#### Statistical Inverse Analysis for a Network Microsimulator

German Molina, M.J. Bayarri and James Berger

CORSIM is a large microsimulator for vehicular traffic, and is
being studied with respect to its ability to successfully model
and predict behavior of traffic in a 36 block section of Chicago.
Inputs to the simulator include information about street
configuration, driver behavior, traffic light timing, turning
probabilities at each corner and distributions of traffic ingress
into the system.
Data is available concerning the turning proportions in the actual
neighborhood, as well as counts as to vehicular input into the
system and internal system counts, during a day in May, 2000. Some
of the data is accurate (video recordings), but some is quite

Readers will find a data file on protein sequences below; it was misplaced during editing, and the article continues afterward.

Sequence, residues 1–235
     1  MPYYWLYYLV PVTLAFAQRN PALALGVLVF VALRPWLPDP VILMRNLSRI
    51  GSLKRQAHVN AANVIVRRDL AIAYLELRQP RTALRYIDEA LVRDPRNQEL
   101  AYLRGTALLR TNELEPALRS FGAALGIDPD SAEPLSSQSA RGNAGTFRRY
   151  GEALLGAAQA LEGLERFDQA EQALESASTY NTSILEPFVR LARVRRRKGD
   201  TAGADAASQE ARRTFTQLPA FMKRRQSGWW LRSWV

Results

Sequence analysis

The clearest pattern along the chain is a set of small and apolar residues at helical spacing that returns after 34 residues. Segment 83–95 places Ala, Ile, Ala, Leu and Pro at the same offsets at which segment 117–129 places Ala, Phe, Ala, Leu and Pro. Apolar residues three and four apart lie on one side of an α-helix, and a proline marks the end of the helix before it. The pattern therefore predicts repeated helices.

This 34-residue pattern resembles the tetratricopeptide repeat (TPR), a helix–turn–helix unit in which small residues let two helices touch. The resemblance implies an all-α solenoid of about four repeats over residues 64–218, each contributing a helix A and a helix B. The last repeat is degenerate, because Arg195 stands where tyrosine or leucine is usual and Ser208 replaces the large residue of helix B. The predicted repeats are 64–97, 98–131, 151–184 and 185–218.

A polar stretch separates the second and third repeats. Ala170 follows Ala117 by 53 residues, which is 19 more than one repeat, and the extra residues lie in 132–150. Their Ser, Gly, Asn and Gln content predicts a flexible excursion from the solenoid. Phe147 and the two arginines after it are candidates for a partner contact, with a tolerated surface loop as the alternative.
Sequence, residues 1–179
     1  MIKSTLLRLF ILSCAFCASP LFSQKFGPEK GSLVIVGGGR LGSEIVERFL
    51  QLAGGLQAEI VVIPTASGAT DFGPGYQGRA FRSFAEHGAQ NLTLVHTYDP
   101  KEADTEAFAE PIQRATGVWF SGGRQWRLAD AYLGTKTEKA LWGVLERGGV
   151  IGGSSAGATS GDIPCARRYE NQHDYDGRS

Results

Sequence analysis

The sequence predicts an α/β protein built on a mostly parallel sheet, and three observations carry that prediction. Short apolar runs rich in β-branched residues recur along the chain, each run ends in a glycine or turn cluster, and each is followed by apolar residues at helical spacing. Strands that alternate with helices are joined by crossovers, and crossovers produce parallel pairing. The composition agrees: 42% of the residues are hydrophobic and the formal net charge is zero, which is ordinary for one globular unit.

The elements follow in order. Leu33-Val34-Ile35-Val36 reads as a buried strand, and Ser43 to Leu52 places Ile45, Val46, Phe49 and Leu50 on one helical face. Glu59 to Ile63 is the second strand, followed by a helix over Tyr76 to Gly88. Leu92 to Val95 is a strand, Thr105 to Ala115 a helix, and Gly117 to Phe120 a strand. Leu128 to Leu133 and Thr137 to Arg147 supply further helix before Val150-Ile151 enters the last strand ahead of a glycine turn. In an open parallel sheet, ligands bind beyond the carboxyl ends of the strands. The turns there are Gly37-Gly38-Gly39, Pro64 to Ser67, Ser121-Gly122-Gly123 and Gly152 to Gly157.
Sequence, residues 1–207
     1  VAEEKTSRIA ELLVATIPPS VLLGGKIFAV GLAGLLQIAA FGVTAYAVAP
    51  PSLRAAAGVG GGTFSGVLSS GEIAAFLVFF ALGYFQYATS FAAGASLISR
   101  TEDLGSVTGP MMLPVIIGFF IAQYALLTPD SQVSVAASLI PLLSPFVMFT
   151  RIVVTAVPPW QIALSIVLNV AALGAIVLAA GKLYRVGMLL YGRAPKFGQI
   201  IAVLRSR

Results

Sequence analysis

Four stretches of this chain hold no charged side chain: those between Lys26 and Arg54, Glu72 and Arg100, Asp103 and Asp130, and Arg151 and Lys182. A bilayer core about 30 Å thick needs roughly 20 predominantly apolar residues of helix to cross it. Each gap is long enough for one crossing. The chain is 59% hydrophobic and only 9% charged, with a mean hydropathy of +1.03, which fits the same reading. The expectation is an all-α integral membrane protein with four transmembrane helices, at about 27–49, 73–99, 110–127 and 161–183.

inaccurate (observer counts of vehicles). Previous utilization of
the full data set was to `tune' the parameters of CORSIM -- in an
ad hoc fashion -- until CORSIM output was reasonably close to the
actual data. This common approach, of simply tuning a complex
computer model to real data, can result in poor parameter choices
and will completely ignore the often considerable uncertainty
remaining in the parameters.

To overcome these problems, we adopt a Bayesian approach, together
with a measurement error model for the inaccurate data, to derive
the posterior distribution of turning probabilities and of the
parameters of the CORSIM input distribution. This posterior
distribution can then be used to initialize runs of CORSIM,
yielding outputs that reflect that actual uncertainty in the
analysis.

Computation must be via Markov Chain Monte Carlo methodology, but
this is not feasible because of the expense in running CORSIM.
Hence we develop a fast approximation to CORSIM that can be used
directly to carry out the MCMC analysis. The resulting MCMC has
some novel features that should be useful in dealing with general
discrete network structures.

Postscript File (1.5 MB)